In other words, yeah, I miss the adrenaline. But the problem with adrenaline and those kinds of movies is that you start taking more and more risks, and you can only be lucky for so long.
Grimsby has a scene involving elephants that’s unforgettable — and unforgettably gross. Do you push boundaries like that in the hopes of giving yourself that same kind of thrill in a scripted movie?
Yes. I always put myself in the position of the viewer, and I think, “Would I actually pay money to see this film?” And if I would, I would want to see things that I had never seen before, and I’d want to laugh as hard as I’ve ever laughed. If I can’t do that — and that’s been the case with other films that I’ve developed — I end up not making it. That’s why I make so few movies. Most comedians make two to three films a year; I make one every three to four years.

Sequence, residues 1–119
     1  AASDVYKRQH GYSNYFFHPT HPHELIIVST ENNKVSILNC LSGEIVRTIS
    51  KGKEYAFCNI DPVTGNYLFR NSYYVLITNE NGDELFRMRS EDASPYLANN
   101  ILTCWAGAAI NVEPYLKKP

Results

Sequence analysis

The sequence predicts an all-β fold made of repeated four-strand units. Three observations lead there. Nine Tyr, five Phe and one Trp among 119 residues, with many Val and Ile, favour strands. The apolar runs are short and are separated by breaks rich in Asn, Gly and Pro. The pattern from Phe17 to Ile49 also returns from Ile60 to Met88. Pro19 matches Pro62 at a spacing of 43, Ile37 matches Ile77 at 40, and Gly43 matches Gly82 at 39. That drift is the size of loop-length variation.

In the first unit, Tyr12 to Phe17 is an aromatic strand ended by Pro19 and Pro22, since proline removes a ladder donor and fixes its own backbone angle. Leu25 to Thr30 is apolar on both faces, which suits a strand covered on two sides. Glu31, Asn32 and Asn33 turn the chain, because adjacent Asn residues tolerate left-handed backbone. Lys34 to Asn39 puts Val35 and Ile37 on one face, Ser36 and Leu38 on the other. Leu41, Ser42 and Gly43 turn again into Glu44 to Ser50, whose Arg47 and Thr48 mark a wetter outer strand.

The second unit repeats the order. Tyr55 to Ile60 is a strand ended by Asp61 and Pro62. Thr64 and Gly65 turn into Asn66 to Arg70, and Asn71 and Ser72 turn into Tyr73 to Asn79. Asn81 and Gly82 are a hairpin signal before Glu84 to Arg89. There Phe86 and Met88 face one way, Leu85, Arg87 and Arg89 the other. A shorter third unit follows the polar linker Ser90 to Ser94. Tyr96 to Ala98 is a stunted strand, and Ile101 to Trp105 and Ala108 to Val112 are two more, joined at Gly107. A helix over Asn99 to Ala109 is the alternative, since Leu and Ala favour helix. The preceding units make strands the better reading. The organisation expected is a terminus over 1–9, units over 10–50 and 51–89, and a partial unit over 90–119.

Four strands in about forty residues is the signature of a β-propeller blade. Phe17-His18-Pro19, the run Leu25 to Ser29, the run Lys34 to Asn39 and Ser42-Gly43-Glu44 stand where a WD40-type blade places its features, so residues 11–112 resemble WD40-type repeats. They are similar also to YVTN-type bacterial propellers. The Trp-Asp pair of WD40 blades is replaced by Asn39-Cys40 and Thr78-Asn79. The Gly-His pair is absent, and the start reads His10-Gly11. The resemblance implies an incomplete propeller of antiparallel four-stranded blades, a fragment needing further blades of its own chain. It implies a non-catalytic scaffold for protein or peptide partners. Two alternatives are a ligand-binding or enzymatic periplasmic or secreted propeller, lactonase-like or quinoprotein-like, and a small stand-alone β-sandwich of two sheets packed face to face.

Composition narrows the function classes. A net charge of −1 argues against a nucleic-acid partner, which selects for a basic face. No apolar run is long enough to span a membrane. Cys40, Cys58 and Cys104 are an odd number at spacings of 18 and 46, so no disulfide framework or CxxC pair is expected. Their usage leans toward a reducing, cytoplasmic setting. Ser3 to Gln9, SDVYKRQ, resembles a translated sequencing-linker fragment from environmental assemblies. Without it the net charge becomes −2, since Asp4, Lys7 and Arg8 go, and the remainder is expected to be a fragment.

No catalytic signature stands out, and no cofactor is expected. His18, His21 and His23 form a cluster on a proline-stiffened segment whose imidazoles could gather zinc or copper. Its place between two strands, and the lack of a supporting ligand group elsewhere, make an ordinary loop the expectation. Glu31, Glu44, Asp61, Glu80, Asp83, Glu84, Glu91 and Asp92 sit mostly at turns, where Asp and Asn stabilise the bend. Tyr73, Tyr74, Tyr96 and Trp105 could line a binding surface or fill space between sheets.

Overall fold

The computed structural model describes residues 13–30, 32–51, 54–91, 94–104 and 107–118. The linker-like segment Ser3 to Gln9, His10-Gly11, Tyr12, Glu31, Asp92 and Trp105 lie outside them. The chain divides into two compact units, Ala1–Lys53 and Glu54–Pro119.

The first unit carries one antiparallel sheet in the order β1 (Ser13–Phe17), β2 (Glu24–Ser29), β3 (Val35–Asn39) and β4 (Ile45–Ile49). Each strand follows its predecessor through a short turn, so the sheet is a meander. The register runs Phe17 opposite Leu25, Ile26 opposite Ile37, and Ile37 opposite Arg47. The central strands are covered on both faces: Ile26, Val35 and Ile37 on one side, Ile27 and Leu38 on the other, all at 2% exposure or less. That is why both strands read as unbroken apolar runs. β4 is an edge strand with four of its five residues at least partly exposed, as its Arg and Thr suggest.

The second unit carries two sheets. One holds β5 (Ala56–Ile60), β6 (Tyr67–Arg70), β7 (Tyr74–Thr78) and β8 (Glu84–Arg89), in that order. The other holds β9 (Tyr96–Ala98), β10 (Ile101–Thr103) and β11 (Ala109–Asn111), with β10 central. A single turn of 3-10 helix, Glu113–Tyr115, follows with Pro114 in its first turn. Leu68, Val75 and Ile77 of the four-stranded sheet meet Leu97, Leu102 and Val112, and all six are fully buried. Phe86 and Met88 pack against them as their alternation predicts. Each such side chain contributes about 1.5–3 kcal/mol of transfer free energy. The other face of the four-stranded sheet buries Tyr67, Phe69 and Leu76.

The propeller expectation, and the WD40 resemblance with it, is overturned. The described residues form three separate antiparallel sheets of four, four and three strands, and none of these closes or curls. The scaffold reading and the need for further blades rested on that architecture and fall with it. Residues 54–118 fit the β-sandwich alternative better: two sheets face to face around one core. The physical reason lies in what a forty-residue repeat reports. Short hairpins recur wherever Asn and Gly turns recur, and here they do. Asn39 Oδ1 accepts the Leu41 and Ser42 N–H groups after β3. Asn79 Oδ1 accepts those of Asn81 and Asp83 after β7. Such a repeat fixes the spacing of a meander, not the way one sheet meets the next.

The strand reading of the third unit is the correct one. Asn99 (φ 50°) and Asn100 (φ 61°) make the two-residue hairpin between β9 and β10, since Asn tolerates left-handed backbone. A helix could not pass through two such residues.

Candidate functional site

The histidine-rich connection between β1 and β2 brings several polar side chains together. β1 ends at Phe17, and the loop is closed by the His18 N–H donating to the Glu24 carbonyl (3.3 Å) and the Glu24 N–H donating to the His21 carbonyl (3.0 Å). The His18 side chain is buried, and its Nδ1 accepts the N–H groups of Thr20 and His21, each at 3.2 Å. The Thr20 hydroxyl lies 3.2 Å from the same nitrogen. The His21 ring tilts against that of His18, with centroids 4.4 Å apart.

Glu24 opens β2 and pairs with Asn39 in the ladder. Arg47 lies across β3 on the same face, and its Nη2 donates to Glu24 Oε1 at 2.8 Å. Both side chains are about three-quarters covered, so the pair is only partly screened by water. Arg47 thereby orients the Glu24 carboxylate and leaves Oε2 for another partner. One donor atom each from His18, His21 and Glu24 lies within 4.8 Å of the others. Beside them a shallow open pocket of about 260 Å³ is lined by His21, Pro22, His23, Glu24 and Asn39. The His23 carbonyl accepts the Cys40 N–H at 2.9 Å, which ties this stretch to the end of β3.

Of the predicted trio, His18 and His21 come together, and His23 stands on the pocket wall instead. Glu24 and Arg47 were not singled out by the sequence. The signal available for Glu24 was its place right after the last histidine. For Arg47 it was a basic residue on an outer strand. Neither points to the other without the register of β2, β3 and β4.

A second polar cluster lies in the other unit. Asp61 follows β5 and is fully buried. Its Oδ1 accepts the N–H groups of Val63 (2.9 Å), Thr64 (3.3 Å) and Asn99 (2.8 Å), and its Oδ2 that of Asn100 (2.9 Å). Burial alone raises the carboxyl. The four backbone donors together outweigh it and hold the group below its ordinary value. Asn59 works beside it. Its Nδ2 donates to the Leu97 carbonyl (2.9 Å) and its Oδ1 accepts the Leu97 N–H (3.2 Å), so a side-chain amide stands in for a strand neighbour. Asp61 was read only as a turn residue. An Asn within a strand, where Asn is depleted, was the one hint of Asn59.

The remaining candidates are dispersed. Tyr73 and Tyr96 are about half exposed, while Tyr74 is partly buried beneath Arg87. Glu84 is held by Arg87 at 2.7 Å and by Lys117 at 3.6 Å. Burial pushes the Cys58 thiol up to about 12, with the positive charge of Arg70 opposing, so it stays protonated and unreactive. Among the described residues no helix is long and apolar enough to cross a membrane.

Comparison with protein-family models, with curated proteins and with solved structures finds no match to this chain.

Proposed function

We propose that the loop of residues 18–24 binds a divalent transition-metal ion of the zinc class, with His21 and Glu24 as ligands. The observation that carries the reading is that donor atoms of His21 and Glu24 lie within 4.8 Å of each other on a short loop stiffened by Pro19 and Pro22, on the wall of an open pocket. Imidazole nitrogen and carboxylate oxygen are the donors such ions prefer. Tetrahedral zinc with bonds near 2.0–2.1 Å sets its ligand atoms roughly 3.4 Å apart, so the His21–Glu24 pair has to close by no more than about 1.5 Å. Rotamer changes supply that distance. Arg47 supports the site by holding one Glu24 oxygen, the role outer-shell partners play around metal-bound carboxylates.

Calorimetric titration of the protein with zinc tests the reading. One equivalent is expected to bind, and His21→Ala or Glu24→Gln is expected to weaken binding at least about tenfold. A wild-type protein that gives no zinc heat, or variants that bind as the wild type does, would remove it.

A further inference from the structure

You’re like the Daniel Day-Lewis of comedy.
[Laughs] Thank you. But you know, I think Hollywood has become more conservative since The Interview, and it’s harder to get edgy comic material shot. Something like the elephant scene is so extreme and so wild that the immediate response from the studios we pitched it to was “obviously you’re not going to shoot that scene.” Which, of course, triggers a light bulb above my head, and I think, “Well, that’s obviously going to be a really good scene, then.”